May 23, 2016
In this you rejoice, although now for a little while
you may have to suffer through various trials,
so that the genuineness of your faith,
more precious than gold that is perishable even though tested by fire,
may prove to be for praise, glory, and honor
at the revelation of Jesus Christ.
—1 Peter 1:6–7
We can experience all kinds of ups and downs in this life, but it's possible to have an underlying joy in the midst of it all, a joy that is not dependent on our circumstances. The key is to realize that the things of this world are passing, that, as St. Therese put it, "This world is thy ship, not thy home." This knowledge that we are meant for something greater than this world can offer will allow us to keep an attitude of detachment, to be willing to let go of the things that weigh down our souls.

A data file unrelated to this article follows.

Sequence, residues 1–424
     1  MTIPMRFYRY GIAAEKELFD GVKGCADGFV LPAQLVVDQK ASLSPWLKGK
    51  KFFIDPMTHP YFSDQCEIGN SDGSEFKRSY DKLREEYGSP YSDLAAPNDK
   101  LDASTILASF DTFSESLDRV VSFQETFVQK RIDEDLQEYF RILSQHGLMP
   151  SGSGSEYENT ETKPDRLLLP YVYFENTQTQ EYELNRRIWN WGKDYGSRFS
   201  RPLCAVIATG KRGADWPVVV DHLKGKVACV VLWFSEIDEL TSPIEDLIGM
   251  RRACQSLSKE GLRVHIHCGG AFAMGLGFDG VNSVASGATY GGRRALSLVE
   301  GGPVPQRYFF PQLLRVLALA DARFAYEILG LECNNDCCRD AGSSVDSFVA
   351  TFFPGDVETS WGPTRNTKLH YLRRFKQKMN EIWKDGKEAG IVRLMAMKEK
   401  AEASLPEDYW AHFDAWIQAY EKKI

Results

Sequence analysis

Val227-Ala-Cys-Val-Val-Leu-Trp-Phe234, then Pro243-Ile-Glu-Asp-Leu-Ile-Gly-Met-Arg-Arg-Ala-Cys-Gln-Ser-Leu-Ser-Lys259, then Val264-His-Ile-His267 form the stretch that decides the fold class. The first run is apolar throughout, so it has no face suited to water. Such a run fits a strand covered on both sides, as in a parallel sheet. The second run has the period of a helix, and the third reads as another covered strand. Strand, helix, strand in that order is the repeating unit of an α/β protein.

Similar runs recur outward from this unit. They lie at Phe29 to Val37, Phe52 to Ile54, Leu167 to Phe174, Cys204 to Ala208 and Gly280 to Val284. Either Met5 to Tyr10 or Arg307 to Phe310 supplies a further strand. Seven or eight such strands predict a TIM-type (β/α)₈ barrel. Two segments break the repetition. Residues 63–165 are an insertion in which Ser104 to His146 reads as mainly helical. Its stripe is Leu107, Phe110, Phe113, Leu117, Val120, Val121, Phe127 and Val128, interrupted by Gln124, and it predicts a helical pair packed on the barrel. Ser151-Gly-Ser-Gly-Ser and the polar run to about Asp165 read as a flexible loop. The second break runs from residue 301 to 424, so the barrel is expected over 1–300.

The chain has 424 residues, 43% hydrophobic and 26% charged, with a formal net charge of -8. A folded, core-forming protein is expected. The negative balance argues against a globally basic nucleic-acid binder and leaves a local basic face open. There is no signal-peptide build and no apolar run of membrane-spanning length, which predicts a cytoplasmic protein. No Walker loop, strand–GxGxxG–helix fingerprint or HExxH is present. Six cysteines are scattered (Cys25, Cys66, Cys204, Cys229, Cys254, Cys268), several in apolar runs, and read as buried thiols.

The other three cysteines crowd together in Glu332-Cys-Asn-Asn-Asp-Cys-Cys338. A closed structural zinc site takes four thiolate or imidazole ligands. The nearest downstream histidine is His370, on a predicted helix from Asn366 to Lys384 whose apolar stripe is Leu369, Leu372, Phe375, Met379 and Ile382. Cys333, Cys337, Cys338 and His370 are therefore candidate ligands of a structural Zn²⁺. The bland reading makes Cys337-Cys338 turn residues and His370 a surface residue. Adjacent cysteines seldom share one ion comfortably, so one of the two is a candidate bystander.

Pier Giorgio Frassati was the camel who passed through the eye of the needle, the rich man who was willing to unload the burden of his wealth in order to enter through the narrow way. He was surrounded by earthly goods, but he withstood any temptation to covet them. Most people born into wealth have difficulty letting go of the comforts they're so used to, but Pier Giorgio didn't hesitate to embrace the poor and offer them whatever he could. In him, there was no trace of the selfish fear that holds many of us back from truly seeking the good of our neighbor. We fear that to truly love another will mean risking all that we already have, but what we don't realize is that all the worldly things we possess are nothing in comparison with the value of a human soul—of our own souls, as well as those of our brothers and sisters. And what good is it to cling to the things that weigh us down if we can't enter the Kingdom with them? Whether it's money, goods, jobs, friendships, relationships, status, or time, we all have things that we are tempted to prioritize above all else because they give us a sense of security and comfort in this world. However, we are not meant to feel secure or comfortable here; the ride is supposed to be bumpy. We have been told to expect trials, to persevere through suffering, to be tested by fire. But in God, we can find a greater security: an anchor to the shore beyond, leading us onward through the crashing waves to our true home.